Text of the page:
Delicious Korean Food To Try To Celebrate the New Lunar Year

Celebrate the new year with Korean dishes, too.

Did you know that Koreans also celebrate the new lunar year just like the Chinese do? The Korean New Year also falls on the same date as the Chinese New Year since the Koreans also follow the lunar calendar. All this means is that the new year begins on the first new moon after twelve moon cycles or approximately every 29.5 days have passed. This is why the lunar year falls on a different calendar date every year.

The Philippines and Korea have a long-standing love affair. Many Pinoys adore Korean pop culture, while Koreans appreciate Filipino hospitality and the relatively low cost of English education. So, this lunar year, you can celebrate Seollal, or the Korean New Year at the same time as the Chinese New Year.

Whether you’re celebrating it as the Chinese or Korean New Year, it is a significant traditional festival. It’s a fortnight’s worth of celebrations, commencing on New Year’s Day. Just like Christmas here in the Philippines, the lunar year celebration revolves around family reunions and honoring the deceased family members seeking continued guidance by offering food portions along with their meals.

This year, you might want to try exploring the different Korean dishes you might not have tried or go back to all-time favorite dishes to express your Korean appreciation through these gastronomic dishes:

1 Tteokguk

Photo by Shutterstock

Almost all happy gatherings are punctuated with good food and established rituals. One of these dishes includes having a bowl of tteokguk or rice cake soup prepared with sliced rice cakes in beef broth. The soup base must be flavorful and evoke a rich umami taste like a good homemade stock should be. The rice cake used for this soup is unsweetened and fashioned like a long cylinder also known as tteok. For the soup, the rice cake is cut into tiny oval shapes. The white oval form indicates a bright and prosperous new year, while the thickened collagen-laden broth denotes a fresh start for the new year.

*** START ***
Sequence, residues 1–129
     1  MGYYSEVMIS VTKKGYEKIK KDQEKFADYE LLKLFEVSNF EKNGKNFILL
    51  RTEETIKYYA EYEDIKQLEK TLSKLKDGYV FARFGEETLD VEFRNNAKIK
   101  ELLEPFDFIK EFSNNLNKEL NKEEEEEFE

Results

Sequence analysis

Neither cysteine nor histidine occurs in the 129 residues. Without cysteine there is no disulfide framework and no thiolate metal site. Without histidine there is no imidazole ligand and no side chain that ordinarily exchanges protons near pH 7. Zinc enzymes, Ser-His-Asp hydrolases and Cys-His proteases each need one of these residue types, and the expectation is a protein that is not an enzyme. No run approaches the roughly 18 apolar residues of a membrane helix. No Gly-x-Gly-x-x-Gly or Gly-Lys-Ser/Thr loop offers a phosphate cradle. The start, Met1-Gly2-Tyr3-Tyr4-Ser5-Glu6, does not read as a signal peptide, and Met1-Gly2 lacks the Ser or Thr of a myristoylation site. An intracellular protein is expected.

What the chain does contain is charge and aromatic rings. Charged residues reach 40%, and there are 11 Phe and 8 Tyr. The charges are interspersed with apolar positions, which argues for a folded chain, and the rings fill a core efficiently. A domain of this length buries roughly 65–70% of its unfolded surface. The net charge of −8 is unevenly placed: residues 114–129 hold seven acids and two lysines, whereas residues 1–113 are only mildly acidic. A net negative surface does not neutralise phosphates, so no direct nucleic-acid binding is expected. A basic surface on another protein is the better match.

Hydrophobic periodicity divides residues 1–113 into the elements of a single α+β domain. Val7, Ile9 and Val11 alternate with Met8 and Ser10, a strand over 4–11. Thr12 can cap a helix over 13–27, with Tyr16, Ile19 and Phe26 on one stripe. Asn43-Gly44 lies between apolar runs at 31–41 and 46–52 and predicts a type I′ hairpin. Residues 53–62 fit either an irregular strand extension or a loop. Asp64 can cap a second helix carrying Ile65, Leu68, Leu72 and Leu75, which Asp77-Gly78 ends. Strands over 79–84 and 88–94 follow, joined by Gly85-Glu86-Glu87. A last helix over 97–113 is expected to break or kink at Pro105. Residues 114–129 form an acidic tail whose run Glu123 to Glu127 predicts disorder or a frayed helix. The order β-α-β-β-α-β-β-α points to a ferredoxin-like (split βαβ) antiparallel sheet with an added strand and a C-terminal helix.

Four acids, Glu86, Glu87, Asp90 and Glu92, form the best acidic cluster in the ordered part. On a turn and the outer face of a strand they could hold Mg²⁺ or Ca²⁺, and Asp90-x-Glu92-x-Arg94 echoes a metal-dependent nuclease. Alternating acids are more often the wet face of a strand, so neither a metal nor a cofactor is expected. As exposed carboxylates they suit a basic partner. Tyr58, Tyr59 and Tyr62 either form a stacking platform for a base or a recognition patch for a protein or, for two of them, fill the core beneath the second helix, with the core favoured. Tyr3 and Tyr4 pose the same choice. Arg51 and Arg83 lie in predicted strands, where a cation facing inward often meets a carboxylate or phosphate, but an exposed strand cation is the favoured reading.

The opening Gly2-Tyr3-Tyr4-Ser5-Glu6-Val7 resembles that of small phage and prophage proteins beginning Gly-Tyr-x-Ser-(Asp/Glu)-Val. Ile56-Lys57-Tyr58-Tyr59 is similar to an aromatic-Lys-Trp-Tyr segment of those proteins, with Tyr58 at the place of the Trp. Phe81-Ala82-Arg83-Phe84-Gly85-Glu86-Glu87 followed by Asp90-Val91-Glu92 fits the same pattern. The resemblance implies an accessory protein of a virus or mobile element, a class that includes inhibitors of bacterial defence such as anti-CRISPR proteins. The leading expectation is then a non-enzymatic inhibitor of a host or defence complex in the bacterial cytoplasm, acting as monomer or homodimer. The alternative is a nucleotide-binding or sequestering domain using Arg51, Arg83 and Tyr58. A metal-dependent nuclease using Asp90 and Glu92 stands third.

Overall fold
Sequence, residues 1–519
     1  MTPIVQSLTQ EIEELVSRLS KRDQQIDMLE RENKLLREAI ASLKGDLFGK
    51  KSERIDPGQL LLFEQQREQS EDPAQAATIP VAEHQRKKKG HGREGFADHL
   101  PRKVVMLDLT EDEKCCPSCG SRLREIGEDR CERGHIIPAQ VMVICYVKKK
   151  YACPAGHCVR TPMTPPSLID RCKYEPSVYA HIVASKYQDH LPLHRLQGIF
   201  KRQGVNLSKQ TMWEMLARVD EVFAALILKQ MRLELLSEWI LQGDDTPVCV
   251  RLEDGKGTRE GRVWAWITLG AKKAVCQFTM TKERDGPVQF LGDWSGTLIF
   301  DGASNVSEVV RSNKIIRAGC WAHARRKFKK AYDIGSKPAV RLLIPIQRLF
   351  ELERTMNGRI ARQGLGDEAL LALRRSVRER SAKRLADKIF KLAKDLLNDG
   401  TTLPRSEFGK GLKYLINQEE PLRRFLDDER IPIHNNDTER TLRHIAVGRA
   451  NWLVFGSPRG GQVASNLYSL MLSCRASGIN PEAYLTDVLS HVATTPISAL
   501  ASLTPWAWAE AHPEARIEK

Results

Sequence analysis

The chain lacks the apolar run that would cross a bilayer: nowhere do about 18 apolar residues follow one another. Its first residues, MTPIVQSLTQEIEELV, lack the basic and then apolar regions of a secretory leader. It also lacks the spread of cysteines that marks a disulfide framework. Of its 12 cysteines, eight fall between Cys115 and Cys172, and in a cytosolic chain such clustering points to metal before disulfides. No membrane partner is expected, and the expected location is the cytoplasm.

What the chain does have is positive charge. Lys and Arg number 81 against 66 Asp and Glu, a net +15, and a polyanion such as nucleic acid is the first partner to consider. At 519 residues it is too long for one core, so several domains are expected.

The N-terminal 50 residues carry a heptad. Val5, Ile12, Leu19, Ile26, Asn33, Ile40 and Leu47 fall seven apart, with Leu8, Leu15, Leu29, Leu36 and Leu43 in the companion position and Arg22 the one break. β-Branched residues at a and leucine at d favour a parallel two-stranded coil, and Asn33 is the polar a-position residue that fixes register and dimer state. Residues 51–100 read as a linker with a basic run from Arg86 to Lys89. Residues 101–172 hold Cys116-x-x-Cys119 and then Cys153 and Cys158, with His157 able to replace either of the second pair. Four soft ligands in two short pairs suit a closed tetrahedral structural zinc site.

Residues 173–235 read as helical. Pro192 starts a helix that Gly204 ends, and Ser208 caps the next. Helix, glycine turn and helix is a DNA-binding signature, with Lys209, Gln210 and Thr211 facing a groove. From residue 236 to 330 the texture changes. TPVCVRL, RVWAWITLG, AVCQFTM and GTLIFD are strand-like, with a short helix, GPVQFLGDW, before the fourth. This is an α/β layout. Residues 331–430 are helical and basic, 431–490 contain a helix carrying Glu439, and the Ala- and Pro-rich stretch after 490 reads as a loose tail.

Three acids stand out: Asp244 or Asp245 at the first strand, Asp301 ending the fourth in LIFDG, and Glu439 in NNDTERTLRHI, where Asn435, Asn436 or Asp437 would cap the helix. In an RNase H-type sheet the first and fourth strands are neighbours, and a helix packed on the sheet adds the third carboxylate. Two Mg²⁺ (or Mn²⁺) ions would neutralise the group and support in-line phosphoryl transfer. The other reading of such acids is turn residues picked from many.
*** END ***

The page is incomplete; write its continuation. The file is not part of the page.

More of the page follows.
2 Mandu  

Another new year must-try is mandu or kimchi dumpling. When added with your soup, it adds another subtle profile. 

Photo by Patrick Martires

3 Pyogo Jeon

Plant-based enthusiasts would be happy with a dish like Pyogo Jeon or stuffed shiitake mushrooms. What makes this dish difficult to re-create is the traditional carving on the mushroom, which you can forego since it does not have any bearing on the taste.

4 Wanjajeon

The wanjajeon or pan-fried meatball in egg batter is an easy dish to try which is just meatballs, but log shaped like our own embutido and cut crosswise to become mini patties. These are then battered and fried to crispy perfection.


Pan-fried battered food or jeon are expected New Year fare, but for the beef, why not skip the egg and flour and go with the classic beef bulgogi. Celebrations as important such as this can be marked with an extra serving of beef.

Photo by Patrick Martires

6 Galbi Jjim